Myth #3: You Have to Award Bounties to Work with Hackers
A Vulnerability Disclosure Program (VDP) is a way to receive vulnerabilities from outside with no financial incentive. Like the 911 of the internet, they provide a channel for reporting and receiving digital emergencies.
The primary purpose of a VDP is to have a public way of receiving vulnerabilities from external security researchers. In doing so, they avoid surprises like a vulnerability disclosure on Twitter or through your customer service channels. Several governments and companies host their VDPs on the HackerOne platform, including Equifax, Alibaba, General Motors, Toyota, Ford, IBM and many more. The U.S. Department of Defense, recently reported that they have received over 10,000 vulnerabilities through their VDP.
On the other hand, there is a competitive bounty market for bugs. The average bounty paid out is US$800. Some are lower than that, and some are much higher, up to US$1,000,000. The amount depends on the skill and effort required to find the bug.
We recently analysed our database of vulnerabilities (120,000 and counting!) to calculate which categories are worth the most to our customers. We found ten vulnerability types that have collectively led to US$55 million in bounty payouts. Rather interestingly, there are not insignificant differences to the OWASP Top 10.
Every bounty is paid directly and immediately to a hacker's bank account in the currency of their choice. As well as allowing customers to tap into the global talent pool, this has also resulted in a handful of rockstar hackers who have earned more than US$1million in bug bounties. Santiago Lopez, a 19-year-old hacker from Argentina, was the first. HackerOne is proud to create such millionaire hackers while improving the security of the internet.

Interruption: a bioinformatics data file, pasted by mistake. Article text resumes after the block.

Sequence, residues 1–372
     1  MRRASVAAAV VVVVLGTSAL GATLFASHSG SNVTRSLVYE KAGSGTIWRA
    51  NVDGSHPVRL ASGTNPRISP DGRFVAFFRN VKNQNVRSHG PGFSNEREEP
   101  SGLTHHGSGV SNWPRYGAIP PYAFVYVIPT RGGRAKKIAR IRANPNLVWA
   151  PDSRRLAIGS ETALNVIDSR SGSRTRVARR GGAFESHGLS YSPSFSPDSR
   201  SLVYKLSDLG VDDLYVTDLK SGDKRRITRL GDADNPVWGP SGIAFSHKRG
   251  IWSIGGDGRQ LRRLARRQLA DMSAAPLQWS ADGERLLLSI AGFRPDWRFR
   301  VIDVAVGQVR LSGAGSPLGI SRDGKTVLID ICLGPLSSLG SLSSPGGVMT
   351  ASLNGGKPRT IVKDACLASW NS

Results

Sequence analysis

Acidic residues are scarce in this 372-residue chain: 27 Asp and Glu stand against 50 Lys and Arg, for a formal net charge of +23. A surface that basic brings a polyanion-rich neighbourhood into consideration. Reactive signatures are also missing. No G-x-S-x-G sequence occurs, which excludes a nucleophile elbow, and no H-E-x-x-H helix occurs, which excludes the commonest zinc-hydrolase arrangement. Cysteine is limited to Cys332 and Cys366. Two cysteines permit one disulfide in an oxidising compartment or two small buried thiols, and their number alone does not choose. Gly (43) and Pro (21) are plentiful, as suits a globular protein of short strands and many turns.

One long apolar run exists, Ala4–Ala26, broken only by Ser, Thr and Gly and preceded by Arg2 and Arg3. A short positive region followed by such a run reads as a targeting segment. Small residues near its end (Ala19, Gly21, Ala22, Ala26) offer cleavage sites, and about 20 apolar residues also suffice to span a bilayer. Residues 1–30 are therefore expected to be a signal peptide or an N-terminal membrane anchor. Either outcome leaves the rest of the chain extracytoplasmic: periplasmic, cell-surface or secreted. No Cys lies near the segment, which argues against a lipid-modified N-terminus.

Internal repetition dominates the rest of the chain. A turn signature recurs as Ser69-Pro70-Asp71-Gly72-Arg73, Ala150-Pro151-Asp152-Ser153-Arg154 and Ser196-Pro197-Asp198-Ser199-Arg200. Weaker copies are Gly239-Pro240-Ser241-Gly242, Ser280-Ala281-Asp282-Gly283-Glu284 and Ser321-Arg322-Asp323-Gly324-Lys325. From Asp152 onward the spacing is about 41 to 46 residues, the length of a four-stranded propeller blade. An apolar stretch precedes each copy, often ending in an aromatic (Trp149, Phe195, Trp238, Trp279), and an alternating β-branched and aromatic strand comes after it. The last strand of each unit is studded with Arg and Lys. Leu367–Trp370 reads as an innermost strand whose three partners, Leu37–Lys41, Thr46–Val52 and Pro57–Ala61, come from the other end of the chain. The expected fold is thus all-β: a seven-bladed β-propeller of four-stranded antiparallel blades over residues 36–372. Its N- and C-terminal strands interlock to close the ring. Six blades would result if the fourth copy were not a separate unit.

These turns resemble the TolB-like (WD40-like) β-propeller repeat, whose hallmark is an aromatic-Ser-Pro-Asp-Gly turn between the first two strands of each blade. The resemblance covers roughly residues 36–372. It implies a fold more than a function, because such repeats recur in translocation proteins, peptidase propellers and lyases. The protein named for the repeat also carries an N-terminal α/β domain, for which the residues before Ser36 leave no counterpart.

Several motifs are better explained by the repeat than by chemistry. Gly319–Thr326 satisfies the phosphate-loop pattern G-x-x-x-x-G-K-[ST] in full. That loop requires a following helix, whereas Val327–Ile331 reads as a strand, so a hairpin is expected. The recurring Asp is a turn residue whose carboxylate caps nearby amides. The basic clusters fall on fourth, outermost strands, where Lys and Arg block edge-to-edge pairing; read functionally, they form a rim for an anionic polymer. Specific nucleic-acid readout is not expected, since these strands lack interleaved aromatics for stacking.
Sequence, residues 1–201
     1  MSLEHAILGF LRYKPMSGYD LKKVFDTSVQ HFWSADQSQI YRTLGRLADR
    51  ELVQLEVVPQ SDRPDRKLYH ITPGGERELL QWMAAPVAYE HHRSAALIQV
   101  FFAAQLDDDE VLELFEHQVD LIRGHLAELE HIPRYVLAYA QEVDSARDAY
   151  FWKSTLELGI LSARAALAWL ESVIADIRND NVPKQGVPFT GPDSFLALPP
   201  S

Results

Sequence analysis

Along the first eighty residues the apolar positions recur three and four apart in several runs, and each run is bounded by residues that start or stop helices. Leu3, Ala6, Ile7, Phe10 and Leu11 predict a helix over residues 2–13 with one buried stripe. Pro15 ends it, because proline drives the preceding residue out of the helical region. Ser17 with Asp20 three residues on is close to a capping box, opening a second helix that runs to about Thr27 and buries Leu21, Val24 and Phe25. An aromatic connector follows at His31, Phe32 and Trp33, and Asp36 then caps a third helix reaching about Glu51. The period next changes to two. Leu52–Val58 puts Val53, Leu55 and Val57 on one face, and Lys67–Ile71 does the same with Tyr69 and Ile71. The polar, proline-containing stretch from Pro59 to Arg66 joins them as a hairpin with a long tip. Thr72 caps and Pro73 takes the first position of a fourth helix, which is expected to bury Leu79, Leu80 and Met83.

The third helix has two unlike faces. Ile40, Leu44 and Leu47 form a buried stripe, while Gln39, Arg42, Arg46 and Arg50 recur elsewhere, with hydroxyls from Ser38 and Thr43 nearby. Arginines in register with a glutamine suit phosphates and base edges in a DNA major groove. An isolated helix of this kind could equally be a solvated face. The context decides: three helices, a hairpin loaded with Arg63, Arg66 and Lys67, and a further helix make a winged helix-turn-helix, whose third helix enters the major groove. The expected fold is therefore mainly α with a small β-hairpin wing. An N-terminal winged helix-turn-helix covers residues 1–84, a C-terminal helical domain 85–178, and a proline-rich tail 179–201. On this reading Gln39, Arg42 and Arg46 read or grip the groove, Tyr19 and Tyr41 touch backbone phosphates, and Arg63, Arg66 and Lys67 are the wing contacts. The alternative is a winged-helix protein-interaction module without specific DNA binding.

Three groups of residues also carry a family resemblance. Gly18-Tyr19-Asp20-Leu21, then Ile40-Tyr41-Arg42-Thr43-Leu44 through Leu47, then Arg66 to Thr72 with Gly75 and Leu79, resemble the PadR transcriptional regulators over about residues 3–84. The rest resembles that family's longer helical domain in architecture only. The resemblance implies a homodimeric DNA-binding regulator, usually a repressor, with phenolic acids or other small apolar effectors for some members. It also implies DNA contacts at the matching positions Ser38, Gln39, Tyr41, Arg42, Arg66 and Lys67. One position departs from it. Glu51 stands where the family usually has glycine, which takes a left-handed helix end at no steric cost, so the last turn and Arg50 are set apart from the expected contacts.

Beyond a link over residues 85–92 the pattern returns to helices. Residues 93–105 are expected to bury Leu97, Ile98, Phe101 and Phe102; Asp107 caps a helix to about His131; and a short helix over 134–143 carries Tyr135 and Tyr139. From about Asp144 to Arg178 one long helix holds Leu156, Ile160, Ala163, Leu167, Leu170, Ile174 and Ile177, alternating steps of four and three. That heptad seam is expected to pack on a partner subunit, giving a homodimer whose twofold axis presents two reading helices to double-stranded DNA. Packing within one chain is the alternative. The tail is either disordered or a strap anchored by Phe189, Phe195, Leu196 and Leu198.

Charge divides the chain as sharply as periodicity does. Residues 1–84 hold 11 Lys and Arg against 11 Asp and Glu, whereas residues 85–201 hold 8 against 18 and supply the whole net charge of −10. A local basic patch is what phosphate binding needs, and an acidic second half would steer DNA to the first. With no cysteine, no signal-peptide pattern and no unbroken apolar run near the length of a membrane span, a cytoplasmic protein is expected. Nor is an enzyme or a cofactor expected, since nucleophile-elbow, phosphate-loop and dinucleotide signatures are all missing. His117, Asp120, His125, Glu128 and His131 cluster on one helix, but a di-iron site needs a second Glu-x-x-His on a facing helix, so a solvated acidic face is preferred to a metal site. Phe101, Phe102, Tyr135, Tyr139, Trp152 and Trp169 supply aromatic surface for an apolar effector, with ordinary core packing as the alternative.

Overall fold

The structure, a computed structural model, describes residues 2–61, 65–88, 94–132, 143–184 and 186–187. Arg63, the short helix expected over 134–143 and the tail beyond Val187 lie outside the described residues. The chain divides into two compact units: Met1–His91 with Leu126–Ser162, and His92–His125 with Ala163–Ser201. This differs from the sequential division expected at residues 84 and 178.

Myth #4: Bug Bounties Don't Encourage Developers to Communicate with Hackers
Every bug that is fixed makes our digital lives safer, and it is developers that do this heroic work. Developers don't want to navigate through a 100 page PDF report. Developers don't want to read irrelevant tool output. Developers are unlikely to attend your 90-minute online seminar reviewing pentest results at 9am.
That's why the HackerOne platform allows developers to communicate directly with hackers in their time, in their way. With the ability to tag people, to assign a vulnerability to different groups, to add your contractors and vendors to a report - the HackerOne platform is designed to make communication and collaboration as streamlined and as simple as possible.
That's why the HackerOne platform integrates with development tools like Slack, Jira, Zendesk, and ServiceNow, providing a direct line from the researchers to the internal development team.
That's why the HackerOne community can add such value to organisations. By connecting the dev and sec and ops to external researchers, we can learn how to detect, fix and prevent similar bugs from being introduced in the future, increasing the security of your applications over time, and making a safer digital world.